In "Padre Nuestro" (Grande and Monica 4-Plexes), writer-director Francisco Regueiro and actors Fernando Rey and Francisco Rabal paint a scathing portrait of Spanish aristocracy, religion and morals. Yet they do it with such elegance and tact that the thrusts seem cloaked in velvet.
The film has a veneer of classicism. Regueiro, who began as a painter, lights and composes his shots as if they were portraits by Velasquez, or a Dutch master. The faces of the characters, swallowed up in brown interiors, glow out from the darkness. Within these shadowy rooms, or against landscapes softly muted by the lowering clouds, they speak with measured rhythms or ornate eloquence, laced with bursts of acrid candor. In this comic drama, there's a rich, elegant surface, and a subsurface seething with lust, greed, stupidity, deception and venality.
Rey and Rabal are cast as brothers, and their very titles or names--\o7 Cardenal \f7 and Abel--have a mocking suggestiveness. They play, respectively, a dying Catholic cardinal and an atheistic doctor. Both come from an aristocratic family, rotting with all those hypocrisies and insanities that Spanish \o7 cineastes \f7 from Bunuel to Carlos Saura and Mario Camus delight in exposing. And they meet in their family mansion, one last time, when the holy brother (Rey) decides to tie up his earthly affairs, after 30 years at the Vatican.
Those affairs are earthly indeed. Thirty years ago, the Cardinal was the town rake, and he left an illegitimate daughter (Victoria Abril) who in turn sired an illegitimate granddaughter during a life of prostitution. Her local brothel nickname was the \o7 Cardenala.\f7
More is involved here than expiation. There are also the family lands, which the Cardinal has vowed--to his still-living, formidable mother--will remain in the family, but which the church itself covets, since they include vineyards that produce the communion wine. The Cardinal's solution--marrying his daughter off to his bachelor brother, her uncle--has a dazzling, perverse logic. Respectability is snatched from sinfulness by that old aristocratic vice, inbreeding.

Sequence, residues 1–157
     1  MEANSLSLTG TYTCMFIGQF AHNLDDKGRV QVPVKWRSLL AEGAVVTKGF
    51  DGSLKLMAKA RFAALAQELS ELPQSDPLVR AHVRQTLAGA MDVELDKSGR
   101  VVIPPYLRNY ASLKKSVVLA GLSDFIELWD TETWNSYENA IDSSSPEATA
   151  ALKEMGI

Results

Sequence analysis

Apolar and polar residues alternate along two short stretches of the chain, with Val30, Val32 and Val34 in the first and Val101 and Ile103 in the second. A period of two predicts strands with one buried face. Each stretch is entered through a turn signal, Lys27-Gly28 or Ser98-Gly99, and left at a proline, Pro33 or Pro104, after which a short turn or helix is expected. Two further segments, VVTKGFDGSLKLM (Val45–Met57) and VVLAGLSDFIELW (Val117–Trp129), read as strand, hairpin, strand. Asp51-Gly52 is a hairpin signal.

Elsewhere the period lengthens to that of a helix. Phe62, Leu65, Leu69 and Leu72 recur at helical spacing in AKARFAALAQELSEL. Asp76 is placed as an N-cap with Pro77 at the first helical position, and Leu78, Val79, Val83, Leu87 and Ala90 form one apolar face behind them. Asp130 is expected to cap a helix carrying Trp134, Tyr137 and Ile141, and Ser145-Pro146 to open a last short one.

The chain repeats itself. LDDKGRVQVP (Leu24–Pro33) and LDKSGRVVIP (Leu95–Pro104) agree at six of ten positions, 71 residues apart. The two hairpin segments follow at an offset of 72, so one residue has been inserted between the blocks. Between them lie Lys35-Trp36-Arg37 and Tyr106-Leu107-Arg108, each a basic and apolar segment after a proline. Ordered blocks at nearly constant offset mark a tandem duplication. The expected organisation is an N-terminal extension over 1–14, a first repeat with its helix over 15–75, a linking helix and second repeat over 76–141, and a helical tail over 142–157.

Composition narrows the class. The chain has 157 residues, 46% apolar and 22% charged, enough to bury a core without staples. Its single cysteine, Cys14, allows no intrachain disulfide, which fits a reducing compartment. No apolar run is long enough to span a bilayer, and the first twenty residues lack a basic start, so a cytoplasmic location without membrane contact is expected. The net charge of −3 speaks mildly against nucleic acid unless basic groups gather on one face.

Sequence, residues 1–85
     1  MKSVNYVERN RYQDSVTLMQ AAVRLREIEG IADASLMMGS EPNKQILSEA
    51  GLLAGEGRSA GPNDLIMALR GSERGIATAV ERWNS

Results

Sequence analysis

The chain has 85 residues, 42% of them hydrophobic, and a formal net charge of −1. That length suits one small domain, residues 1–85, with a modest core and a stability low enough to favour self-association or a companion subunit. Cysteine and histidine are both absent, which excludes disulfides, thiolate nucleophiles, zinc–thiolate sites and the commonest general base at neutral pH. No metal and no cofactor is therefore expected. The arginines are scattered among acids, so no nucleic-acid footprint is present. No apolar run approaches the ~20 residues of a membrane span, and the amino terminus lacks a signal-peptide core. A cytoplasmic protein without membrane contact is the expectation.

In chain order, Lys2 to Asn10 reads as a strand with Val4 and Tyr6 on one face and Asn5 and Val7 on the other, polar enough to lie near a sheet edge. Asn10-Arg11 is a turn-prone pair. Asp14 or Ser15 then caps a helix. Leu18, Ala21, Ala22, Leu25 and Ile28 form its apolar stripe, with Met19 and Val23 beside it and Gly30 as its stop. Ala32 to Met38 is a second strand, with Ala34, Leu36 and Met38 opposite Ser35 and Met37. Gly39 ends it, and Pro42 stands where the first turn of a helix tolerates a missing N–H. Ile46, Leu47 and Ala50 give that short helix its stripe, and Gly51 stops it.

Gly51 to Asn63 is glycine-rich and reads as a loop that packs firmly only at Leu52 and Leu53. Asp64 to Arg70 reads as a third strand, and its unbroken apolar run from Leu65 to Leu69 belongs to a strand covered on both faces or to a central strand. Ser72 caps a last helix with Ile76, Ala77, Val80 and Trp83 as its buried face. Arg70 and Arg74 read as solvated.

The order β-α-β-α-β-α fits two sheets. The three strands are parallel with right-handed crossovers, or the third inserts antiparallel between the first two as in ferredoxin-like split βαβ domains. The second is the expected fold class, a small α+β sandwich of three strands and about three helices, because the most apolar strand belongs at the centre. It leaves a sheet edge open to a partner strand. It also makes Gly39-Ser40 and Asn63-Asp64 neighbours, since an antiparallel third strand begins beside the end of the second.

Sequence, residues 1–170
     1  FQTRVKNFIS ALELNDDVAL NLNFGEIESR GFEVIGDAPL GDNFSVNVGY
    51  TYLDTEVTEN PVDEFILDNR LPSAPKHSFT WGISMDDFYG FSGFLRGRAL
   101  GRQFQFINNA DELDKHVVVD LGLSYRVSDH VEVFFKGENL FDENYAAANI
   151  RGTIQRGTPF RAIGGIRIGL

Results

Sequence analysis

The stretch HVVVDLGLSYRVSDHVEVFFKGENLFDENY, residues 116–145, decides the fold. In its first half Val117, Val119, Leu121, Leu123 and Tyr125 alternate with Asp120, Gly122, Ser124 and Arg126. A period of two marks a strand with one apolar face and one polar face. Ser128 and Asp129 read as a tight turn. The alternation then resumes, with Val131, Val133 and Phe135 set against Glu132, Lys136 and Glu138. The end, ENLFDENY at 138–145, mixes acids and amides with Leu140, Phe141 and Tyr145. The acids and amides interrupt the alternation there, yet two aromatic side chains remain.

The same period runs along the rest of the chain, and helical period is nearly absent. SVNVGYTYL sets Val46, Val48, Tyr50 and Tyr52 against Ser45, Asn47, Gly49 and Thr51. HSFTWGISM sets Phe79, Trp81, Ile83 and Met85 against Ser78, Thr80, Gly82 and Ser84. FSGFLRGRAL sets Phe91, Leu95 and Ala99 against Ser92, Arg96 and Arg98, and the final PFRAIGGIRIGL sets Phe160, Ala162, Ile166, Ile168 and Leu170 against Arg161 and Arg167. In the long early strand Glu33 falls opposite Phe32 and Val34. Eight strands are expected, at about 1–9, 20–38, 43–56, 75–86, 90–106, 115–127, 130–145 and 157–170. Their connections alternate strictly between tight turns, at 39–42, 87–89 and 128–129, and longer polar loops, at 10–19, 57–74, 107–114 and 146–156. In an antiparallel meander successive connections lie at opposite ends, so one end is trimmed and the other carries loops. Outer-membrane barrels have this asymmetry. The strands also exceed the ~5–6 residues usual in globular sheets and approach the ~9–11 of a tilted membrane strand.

Rey and Rabal, friends for years, are perhaps Spain's two greatest film actors; they give beautifully layered performances. They tease out the scabrous intrigues, and the affection, under these modulated surfaces. And the complexities too: The Cardinal, under his veneer of churchly celibacy and serenity, is suave and worldly; his younger brother, atheist scoffer and apparent libertine, is a secret virgin. Playing with these depths, the actors mine their personas: Rey brings out sophistication and elegant understatement, Rabal ruthless bluntness and yearning humanity.
Watching them act together is pure delight, a pleasure that justifies the entire film. When they meet and clash, it's like the best actors' duels and matchups of the past: Hepburn-Tracy, Olivier-Richardson, Gabin-Jouvet, Cagney-Bogart. The dialogue becomes a ball batted effortlessly back and forth, kept spinning and dancing with casual expertise. One sequence--where Rey's Cardinal catches his brother masturbating, scolds him, forgives him and then sagely counsels him on proper boudoir performance--is a gem of comic interplay.
Regueiro seems at his best here when emotions are repressed, and his classical framing can suggest the conventions blocking them. In the more unbuttoned brothel or village scenes, despite jolts of sensuality from Victoria Abril, the movie can seem arch or schematic. The Dutch or Flemish masters whom ex-painter Regueiro recalls are always Vermeer or Rembrandt, sometimes Van Ruisdael--but never Bruegel or Bosch.
The story is strongest in its small scenes and diminuendos, weakest in its crescendos. It either needs more Rabelaisian juice, or, perhaps, much less. But as long as Rey and Rabal are on screen, "Padre Nuestro" (Times-rated: mature, for sex, nudity and language) bursts with irony, regrets and all the miseries and sometime joys of life. By the end, the film has joined together humor and pathos, ideals and follies, warmth and satire, in an almost seamless embrace.